"We have installed the best software system in the world but no one uses it because they don't know how to. In banks and airlines, everyone has adapted themselves to computers barring the bureaucrats.

"In Maharashtra, I learnt to my horror that the government had given Rs 4,000 to every employee to learn computers. Ninety-five per cent of them claimed the money but no one learnt anything. Most government employees being in their 40s and 50s, don't even touch computers, let alone use them. 

"The government says we will not give new jobs. This is where the contractors come in. They do nothing but take a percentage of the employees' earnings. They exploit the employees as they have no rights, no personal provident fund, no unions and they are insecure.

"The young man who mans the computer works for less than 33 per cent of the salary that a government employee gets. But he cannot object because he is on contract. Thus, all the laws of the land are being government constantly.

"We need to change this. Unfortunately, no officer in government are trained to change anything. They follow the Newton's law of motion -- they continue to what they are doing.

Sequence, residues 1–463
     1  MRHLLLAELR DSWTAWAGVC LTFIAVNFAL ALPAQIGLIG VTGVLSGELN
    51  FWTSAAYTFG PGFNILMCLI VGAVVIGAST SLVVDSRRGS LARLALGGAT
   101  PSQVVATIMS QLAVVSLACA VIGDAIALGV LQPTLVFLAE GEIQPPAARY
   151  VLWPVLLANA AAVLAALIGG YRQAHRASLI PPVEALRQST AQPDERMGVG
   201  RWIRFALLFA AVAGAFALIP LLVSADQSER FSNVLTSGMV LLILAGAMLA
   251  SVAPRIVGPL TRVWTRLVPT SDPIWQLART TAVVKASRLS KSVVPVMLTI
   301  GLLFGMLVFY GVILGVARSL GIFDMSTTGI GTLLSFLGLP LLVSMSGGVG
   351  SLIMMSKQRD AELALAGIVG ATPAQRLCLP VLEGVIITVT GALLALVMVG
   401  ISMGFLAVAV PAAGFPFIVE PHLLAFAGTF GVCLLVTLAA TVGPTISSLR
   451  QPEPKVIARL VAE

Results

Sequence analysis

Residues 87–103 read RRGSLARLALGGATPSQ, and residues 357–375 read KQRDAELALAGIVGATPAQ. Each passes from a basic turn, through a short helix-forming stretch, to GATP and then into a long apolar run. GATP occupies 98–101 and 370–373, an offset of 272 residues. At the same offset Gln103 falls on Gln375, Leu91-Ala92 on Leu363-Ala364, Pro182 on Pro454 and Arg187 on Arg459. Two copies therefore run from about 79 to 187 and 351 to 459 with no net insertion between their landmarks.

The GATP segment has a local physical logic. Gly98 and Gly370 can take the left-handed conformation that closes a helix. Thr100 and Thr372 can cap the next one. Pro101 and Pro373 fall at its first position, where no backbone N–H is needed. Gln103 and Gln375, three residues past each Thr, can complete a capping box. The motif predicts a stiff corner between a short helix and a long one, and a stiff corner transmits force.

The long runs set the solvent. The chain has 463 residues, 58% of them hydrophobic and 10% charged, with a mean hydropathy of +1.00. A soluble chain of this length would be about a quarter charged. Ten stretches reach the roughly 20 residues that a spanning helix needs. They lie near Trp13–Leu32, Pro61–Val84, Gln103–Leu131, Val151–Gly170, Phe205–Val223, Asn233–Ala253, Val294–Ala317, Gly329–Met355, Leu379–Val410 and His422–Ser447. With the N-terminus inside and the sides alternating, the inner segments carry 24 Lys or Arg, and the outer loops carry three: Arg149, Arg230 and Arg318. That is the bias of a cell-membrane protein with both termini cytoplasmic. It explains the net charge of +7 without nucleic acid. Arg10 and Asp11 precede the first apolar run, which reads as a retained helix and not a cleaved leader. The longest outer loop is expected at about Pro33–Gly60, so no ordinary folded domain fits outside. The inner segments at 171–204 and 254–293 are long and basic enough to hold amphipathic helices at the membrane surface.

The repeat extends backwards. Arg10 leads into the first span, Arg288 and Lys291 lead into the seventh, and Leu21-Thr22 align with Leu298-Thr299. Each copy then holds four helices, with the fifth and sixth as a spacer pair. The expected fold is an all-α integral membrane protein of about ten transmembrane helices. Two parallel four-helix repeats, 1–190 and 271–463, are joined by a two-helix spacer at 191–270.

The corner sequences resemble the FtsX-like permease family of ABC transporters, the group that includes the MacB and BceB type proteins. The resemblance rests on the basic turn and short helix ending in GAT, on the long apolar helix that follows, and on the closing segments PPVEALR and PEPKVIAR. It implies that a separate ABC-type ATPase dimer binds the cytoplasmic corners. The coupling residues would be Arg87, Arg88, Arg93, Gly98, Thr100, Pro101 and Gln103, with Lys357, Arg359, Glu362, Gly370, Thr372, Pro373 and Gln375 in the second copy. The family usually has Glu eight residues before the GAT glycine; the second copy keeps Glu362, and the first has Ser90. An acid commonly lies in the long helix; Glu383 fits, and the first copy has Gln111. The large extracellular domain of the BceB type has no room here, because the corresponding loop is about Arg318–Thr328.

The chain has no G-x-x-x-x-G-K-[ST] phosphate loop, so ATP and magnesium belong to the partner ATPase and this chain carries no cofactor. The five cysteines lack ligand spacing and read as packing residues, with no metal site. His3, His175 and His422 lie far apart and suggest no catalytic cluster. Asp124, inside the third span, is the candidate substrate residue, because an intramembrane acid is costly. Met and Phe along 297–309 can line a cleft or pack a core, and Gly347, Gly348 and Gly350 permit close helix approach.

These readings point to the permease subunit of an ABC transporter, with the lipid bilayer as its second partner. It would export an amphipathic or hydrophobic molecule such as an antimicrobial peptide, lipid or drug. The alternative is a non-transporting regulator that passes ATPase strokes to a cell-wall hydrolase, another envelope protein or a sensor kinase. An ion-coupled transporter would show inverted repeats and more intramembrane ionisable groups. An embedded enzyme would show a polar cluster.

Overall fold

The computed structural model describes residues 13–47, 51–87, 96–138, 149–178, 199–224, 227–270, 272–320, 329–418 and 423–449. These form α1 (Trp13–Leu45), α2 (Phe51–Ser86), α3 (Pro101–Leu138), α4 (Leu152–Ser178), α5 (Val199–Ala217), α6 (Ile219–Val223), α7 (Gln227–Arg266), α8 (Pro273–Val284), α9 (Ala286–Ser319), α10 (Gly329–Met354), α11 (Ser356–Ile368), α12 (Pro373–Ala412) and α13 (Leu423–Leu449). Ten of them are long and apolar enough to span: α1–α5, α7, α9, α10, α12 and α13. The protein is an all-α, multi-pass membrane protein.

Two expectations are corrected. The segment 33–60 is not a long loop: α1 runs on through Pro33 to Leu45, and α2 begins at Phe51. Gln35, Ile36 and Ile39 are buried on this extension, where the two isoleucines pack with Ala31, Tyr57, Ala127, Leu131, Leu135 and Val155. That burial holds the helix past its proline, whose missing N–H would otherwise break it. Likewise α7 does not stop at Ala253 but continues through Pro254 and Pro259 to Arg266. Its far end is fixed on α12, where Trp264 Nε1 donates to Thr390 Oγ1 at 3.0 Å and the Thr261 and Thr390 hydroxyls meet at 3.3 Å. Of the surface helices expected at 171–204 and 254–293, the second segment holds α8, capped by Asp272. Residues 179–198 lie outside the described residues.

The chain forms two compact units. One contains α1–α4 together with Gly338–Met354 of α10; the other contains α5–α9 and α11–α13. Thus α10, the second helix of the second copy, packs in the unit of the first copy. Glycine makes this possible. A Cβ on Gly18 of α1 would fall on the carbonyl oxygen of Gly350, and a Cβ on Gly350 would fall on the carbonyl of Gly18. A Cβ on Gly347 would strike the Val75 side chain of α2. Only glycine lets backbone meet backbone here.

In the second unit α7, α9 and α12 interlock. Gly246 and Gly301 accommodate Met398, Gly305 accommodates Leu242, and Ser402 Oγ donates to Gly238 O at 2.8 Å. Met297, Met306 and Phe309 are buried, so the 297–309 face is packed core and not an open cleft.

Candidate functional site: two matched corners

"They first take a couple of papers, punch a hole in one corner and tie it up.

Then they bunch a few more papers, put a cardboard cover on it and tie a nada around it. If an officer looks at 50 files a day, he wastes 25 minutes tying and untying this nada. I told them to stop doing this in my office and thus saved time." 

This had the crowd in splits.

Gandhi said it was sad government employees still pile up files in cupboards and do not use filing cabinets where the files can be visible and easily accessible.

"If we do not force the government to change for the better we will never get better governance. If all private sector companies made their memorandum of understanding with the government in the public domain, we will see a sea change in no time," he said.

"We should Use the RTI to good effect," he added.

During his exclusive chat with rediff.com later, Gandhi said that thegovernment had increased his staff to seven but lamented that he still did not have a computer-literate under-secretary. 

The biggest problem, according to him, lay in the backlog of complaints. "I think and I have told the government that this backlog will kill the act. Only if we give the reply on time we can be useful to the people".